With so much of the gameplay distilled to a sequence of set-pieces, a significant part of what made Resident Evil appealing has been removed, and what remains is the shooting portion. Pushed front and centre, it morphs what was a survival horror adventure into a survival horror shooter, and many will find Capcom's transparent desire to appeal to the action gaming audience a little troubling. Whereas Resi 4 skillfully straddled a happy middle ground between old and new, Resi 5 embraces the action element without concession. Whether it goes too far, of course, will be a matter of serious discourse.
That's not to say Resident Evil 5 is in any way a bad game, because judged on its own merits it's a very enjoyable and polished effort, blessed with considerate checkpointing, well-balanced enemies, sensible ammo-placement and the removal of the needless backtracking that used to pad out many of the previous titles. You can even buy ammo and health between deaths, upgrade weapons and tool up when things are getting too difficult. That's all fine, but Capcom might have been better off presenting this as an action-focused spin-off series in the same way it did with its numerous lightgun titles. But it hasn't. This is it now. This is where Resident Evil has gone.
Fortunately, there are quite a number of saving graces. Firstly, there's the ludicrously camp drama that ties things together. We're bound by sinister threats from revealing specific plot details, but suffice to say that it's brilliant in its complete ridiculousness, and worthy of Scooby Doo in its chucklesome improbability. If there's one thing Capcom hasn't lost the ability to do, it's weaving an air of sinister mystery throughout, so that even going from A to B to C and shooting everything in between is never less than captivating.
But what really boosts the game's appeal is co-op play with a friend. Although the AI does a reasonably decent job on normal difficulty, it's by no means infallible, and, at worst, can be downright dim-witted in the choice of weapon and use of health (you'll waste plenty of ammo on the early scorpion boss, for example, because Sheva struggles to draw its attention so you can blast its weak spot). The fiddly inventory system, likewise, is a real toil when you're under pressure. Simple procedures like dishing out spare ammo and health to your partner take place while the action goes on around you, and with no quick way of doing so, it's almost pointless to try during a fire-fight.
Crank it up to Veteran level and matters become unbearable, with your partner consistently getting into difficulty during even the earliest encounters, and often no quick means of helping her out. Given how many people will want to play the game on their own, this is more than a minor oversight. Resident Evil 5 as a single-player game is nowhere near as entertaining as Resi 4. But that doesn't apply when you're able to play alongside a pal. With a skilled friend in tow, it's one of the best co-op shooters I've played - at least if you dare to crank up the challenge.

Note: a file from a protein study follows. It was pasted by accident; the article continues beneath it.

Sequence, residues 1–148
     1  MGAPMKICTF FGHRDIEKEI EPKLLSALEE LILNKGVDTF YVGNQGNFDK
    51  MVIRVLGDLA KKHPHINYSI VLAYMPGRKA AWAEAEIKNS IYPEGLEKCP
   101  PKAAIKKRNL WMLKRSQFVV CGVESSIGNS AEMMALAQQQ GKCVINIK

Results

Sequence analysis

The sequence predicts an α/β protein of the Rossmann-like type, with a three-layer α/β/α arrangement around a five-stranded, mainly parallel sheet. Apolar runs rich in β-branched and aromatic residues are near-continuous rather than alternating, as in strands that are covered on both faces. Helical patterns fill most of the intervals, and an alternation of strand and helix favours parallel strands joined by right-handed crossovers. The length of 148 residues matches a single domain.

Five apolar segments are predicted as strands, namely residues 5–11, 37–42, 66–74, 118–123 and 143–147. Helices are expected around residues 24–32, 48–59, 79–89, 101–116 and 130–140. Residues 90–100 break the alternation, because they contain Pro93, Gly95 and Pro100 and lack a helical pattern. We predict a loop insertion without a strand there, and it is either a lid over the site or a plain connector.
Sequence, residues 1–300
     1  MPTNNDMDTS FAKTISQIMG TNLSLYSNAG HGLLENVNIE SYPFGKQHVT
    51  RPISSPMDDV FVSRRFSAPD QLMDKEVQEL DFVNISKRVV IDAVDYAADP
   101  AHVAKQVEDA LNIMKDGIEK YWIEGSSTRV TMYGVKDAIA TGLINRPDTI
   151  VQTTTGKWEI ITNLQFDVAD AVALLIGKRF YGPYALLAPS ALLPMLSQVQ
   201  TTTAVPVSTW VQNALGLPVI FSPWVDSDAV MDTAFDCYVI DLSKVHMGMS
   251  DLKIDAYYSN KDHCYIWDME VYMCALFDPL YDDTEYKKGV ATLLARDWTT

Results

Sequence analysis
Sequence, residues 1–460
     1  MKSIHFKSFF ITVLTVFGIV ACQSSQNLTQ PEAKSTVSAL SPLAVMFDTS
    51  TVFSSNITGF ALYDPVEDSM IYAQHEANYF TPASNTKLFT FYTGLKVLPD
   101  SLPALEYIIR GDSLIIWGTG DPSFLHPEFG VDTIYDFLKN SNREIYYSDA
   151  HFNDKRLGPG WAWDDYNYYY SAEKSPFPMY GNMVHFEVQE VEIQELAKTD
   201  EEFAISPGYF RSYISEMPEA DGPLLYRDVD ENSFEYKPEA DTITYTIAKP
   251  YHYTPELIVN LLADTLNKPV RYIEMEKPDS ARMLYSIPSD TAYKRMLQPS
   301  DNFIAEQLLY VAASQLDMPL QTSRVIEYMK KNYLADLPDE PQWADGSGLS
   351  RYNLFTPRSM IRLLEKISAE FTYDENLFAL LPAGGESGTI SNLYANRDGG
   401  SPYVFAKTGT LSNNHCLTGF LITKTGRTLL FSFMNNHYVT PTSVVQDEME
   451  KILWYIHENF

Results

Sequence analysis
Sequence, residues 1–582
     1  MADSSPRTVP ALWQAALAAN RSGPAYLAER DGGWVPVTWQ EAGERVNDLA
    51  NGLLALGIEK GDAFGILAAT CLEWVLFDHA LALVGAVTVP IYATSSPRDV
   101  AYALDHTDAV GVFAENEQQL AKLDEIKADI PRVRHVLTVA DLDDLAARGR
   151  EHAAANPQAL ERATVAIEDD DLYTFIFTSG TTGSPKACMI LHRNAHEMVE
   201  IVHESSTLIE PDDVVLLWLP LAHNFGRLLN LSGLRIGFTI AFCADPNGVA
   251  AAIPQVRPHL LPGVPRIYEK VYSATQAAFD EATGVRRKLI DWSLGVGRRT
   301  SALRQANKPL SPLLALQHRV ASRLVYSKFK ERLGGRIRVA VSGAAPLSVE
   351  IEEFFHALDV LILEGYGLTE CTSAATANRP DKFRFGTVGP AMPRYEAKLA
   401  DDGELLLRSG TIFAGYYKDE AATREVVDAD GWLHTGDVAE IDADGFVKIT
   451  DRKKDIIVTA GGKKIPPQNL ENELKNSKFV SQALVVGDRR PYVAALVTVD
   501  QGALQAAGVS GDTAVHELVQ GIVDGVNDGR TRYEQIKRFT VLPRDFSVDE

On Normal level, Capcom has done what so many developers have done in this generation, and made it too easy. With all the checkpoints available, an average player will breeze through the game in 10-12 hours, beating most of the bosses on the very first attempt. However, Capcom has made one exceptionally smart design decision in rewarding game completion with an infinite-ammo assault rifle.
While this is a fairly standard reward in Resi games, it works particularly well with co-op in mind, because it enables you to tackle the enormously entertaining Veteran difficulty on a surer footing and wade into enemies like never before. The entire style of the game transforms, as one player harvests all the ammo while the other becomes a kind of point man, taking the lead and a lot of the risk into the bargain. Because enemies are so much tougher at this level, and dish out so much more damage, what might have been a mindless procession turns into a challenging, tense affair that plays out superbly with someone providing backup.
Even better, Capcom has managed to get the whole thing working well whether you're playing locally or over the internet. Offline, the split-screen mode is excellent, with an interesting horizontal split system that, rather than splitting the screen in half, shifts both views to a specific portion of the screen area to maintain the aspect ratio. If you're lucky enough to own a big TV, it feels like having a proper screen to yourself, which is rarely the case in these situations. Online, of course, is at the mercy of connections speeds and lag, but in the right conditions holds up remarkably well.
So while Resident Evil 5 might not be the game that the traditionalist might have hoped for, it still stands out as hugely enjoyable in its own right. Bereft of puzzle and exploration, Capcom has instead pointed both barrels at the action element in the hope that the masses will warm to it. Thanks to the game's stubborn loyalty to stop-and-shoot, the result is distinctive, but with suspect partner AI to contend with, this is a game that only truly comes into its own with a friend who's up for a challenge.
7 / 10